E-purchases Show Quick Returns

SINGAPORE (01/26/2000) - Enterprises around the world that have chosen the electronic-procurement route are seeing dramatic returns on investment (ROI).

Over 200 respondents to a survey conducted by Deloitte Consulting, have found that their ROI, based on an implementation cost of US$2 to $4 million, averages 300 percent over the first two to three years.

A study, titled Leveraging the E-Business Marketplace: Business-to-Business e-Procurement Trends, Opportunities and Challenges, based on the survey done in the third quarter of 1999 and just released here, revealed that organizations can also expect to enjoy annual procurement savings of nearly 9 percent over the first two years.

Among the survey's respondents, who come from a variety of industries in Asia-Pacific, Africa, the Americas and Europe, over 40 percent are CEOs, COOs, CIOs and CFOs, and 85 percent of whom represent companies with over $1 billion in revenues.

For the organizations polled, the push for e-procurement comes from both within and outside these enterprises, said Stephen Chang, Deloitte Consulting's managing director in Singapore.

"As companies find ways to reduce costs, they have begun to realize the savings potential of procuring electronically instead of the (cumbersome) traditional process that involves having to raise purchase orders, sending these documents out by post, and subsequently getting customers to confirm them," he said. "As an external force, these same organizations in their capacity as customers are driving their suppliers to e-procurement."

Companies that embark on e-procurement also enjoy more value for their purchases.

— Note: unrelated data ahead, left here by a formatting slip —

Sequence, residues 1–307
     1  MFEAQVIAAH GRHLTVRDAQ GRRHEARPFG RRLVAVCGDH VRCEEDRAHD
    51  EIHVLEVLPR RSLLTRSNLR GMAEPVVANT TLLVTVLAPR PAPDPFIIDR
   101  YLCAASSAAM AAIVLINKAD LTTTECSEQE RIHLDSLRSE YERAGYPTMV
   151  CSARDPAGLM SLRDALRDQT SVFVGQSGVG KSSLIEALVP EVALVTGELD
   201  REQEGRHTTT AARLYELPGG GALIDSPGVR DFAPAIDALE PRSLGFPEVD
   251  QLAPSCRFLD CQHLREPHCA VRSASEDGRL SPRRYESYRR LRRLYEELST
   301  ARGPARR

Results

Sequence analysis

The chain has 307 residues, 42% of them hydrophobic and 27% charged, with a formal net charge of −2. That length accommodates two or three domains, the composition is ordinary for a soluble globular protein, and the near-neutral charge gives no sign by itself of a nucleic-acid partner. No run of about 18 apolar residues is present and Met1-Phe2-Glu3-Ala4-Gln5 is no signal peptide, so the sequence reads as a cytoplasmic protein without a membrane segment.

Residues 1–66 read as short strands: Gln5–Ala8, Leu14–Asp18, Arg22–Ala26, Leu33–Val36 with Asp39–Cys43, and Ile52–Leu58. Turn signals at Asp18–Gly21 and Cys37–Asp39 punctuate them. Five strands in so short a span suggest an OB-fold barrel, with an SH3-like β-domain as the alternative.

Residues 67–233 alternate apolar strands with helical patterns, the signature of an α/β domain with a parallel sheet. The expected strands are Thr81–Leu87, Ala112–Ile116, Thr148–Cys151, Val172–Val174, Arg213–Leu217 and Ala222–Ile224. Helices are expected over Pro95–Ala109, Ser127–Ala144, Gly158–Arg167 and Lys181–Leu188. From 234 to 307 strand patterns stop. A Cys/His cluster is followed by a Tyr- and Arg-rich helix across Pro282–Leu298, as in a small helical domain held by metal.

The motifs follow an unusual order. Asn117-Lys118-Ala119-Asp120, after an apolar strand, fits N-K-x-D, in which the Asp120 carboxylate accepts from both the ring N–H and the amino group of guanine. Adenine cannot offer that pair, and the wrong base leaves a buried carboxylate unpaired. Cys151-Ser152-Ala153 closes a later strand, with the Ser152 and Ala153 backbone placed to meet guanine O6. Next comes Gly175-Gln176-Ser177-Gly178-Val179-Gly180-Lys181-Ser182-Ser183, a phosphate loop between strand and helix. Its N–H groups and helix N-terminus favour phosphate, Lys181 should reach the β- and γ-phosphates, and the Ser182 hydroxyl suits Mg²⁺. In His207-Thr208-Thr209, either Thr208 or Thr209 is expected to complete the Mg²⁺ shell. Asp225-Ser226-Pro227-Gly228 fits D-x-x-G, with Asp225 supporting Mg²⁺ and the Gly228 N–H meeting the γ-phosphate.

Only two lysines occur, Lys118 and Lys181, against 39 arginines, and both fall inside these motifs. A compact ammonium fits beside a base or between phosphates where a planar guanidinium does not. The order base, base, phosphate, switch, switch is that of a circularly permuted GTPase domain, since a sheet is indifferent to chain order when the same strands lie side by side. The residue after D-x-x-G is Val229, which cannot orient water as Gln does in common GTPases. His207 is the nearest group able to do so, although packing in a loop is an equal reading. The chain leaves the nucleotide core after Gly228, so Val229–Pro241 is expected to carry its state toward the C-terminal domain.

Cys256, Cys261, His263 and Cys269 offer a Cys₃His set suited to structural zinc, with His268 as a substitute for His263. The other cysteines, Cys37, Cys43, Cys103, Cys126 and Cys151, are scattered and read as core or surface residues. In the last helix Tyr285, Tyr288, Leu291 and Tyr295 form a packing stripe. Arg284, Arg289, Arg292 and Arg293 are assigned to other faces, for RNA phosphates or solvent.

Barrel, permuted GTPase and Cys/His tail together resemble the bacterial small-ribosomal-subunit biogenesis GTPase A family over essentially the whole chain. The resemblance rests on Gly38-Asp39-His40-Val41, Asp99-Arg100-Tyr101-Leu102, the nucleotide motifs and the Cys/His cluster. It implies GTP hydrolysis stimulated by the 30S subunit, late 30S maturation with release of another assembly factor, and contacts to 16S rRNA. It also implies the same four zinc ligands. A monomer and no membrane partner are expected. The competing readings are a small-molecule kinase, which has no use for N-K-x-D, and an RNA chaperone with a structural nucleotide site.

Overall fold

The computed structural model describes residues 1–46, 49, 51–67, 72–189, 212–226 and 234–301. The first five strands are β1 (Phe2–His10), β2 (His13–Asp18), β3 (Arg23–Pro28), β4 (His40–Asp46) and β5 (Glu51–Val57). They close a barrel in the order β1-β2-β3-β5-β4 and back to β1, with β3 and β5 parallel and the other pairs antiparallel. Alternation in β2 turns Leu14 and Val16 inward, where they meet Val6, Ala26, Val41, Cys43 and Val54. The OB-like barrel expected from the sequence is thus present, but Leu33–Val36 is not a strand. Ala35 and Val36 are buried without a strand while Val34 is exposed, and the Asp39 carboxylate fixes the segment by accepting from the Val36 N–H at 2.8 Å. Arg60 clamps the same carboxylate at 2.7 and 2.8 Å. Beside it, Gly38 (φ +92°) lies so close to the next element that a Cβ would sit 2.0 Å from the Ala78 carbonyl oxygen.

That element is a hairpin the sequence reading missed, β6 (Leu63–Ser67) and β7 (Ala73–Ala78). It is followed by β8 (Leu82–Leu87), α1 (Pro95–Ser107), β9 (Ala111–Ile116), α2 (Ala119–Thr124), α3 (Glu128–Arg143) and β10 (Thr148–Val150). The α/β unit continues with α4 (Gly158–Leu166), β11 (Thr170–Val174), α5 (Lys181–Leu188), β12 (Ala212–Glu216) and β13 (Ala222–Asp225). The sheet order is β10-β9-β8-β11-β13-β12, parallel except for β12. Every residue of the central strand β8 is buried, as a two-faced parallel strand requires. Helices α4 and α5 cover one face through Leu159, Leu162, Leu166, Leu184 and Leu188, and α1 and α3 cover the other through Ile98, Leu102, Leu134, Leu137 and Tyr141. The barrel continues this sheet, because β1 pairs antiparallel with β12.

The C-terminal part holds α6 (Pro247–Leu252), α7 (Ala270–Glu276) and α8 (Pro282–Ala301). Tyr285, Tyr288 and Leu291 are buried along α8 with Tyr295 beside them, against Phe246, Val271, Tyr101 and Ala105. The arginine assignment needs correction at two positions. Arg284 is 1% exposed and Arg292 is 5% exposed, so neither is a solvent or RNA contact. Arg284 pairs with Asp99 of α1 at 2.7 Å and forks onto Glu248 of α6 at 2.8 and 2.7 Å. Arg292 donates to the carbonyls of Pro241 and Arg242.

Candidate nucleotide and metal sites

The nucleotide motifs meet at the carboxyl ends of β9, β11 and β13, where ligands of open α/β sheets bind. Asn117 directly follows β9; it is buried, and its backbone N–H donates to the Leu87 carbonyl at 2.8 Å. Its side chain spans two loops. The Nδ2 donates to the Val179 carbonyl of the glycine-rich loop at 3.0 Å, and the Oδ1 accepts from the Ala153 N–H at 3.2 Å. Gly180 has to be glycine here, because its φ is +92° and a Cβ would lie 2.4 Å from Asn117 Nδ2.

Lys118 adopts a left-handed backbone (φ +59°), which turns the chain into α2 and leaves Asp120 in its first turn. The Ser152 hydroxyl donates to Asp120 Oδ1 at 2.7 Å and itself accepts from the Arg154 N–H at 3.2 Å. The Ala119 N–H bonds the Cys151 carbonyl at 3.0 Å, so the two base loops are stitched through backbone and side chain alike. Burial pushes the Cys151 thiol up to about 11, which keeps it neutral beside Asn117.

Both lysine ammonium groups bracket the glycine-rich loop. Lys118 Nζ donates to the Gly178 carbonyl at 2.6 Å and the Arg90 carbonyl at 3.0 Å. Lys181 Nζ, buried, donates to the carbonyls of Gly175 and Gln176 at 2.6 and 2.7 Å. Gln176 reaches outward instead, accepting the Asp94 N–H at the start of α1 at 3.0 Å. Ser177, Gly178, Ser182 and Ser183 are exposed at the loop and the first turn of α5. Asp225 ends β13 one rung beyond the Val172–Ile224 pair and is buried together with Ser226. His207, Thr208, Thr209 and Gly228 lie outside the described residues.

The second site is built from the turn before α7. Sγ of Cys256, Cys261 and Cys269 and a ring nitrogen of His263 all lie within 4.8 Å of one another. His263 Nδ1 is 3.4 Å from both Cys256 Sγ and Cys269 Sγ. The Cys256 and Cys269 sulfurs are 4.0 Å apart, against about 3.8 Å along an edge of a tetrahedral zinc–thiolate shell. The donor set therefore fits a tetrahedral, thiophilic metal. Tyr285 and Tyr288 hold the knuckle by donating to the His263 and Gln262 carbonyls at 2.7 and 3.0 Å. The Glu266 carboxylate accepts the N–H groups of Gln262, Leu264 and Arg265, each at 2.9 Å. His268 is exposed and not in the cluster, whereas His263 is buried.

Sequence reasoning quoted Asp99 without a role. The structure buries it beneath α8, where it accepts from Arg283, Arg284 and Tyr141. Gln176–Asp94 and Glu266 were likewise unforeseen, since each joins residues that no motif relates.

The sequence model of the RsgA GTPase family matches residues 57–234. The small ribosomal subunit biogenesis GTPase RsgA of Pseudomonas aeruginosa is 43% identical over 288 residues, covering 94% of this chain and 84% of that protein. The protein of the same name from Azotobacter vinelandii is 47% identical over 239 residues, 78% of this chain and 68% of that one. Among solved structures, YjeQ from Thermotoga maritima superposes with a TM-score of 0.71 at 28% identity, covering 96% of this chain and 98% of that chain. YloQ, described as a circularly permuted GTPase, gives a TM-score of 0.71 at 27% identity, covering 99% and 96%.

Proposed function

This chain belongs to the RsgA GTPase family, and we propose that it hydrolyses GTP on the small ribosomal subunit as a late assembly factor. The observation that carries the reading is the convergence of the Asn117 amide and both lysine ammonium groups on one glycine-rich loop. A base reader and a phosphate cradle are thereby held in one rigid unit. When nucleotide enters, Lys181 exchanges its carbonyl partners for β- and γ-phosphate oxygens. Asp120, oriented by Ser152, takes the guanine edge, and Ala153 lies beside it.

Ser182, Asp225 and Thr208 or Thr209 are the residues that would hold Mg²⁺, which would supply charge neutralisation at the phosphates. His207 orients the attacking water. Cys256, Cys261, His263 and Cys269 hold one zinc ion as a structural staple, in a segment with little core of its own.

"They can get to more suppliers beyond their traditional supplier pool.

Traditionally, customers work with suppliers within a single supply chain grouping. Electronic-commerce allows enterprises to choose new partners from other supply channels which in turn could provide more savings through better pricing schemes," Chang said.

Doing procurement through electronic means, that is online and in real time, also lets buyers and sellers enhance their processes to reduce lead-time which is very important in today's just-in-time manufacturing environment.

The survey found that e-procurement is or soon will be a way of life for 91 percent of the survey respondents.

"E-procurement adoption goes through three stages - awareness of it, understanding how it is part of the business plan, and implementation," Chang explained.

So far 30 percent of respondents have implemented it, while 61 percent plan to do so in the next two years.

"Multinational corporations (MNC) appear to be the early adopters and front-runners of e-procurement implementation, while small and medium enterprises (SME) are being driven to it by their customers," Chang noted.

Also, many large organizations prefer to build their own e-procurement infrastructures and portals, which allows them to have closed communities.

"They are new in e-procurement, so it allows them to train their own suppliers first before becoming part of open portals," Chang said.

The most popular spending categories among respondents are for indirect goods like office supplies, office equipment, computer hardware and software. But new capabilities offered by the Internet have enabled companies to re-examine their operational approach to direct goods and materials purchases, which has led to nearly half the study respondents, or 48 percent, using e-procurement to purchase raw materials and goods for resale.

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